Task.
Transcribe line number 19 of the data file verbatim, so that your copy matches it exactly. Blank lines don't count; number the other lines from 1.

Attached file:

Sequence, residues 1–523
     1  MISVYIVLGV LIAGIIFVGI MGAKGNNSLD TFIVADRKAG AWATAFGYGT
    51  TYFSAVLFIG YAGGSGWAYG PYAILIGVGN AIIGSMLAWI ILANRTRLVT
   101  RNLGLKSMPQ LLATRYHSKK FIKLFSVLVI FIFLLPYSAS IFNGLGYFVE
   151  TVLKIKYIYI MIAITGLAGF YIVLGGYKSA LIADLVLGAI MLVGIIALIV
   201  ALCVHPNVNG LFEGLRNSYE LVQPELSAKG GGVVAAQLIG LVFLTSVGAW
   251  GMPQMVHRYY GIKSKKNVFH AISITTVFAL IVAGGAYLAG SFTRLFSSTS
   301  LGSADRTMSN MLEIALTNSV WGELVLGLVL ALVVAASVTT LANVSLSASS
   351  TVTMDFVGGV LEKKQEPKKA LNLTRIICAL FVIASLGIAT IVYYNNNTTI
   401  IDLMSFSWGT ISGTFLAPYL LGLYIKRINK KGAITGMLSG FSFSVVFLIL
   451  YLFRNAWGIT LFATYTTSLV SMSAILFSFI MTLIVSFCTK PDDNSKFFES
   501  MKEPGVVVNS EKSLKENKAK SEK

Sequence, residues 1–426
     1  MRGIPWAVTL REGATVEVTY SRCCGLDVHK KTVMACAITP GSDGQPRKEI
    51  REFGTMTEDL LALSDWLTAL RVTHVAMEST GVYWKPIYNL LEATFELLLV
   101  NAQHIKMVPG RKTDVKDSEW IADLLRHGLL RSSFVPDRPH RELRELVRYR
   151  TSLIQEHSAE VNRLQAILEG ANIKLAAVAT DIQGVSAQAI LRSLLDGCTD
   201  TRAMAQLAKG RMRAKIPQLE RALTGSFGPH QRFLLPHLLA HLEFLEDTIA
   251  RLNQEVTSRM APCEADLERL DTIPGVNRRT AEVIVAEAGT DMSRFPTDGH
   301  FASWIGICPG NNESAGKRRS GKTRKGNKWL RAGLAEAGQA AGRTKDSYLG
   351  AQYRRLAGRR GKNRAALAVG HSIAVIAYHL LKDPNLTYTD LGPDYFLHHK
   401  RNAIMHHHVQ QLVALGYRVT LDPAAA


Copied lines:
   251  RLNQEVTSRM APCEADLERL DTIPGVNRRT AEVIVAEAGT DMSRFPTDGH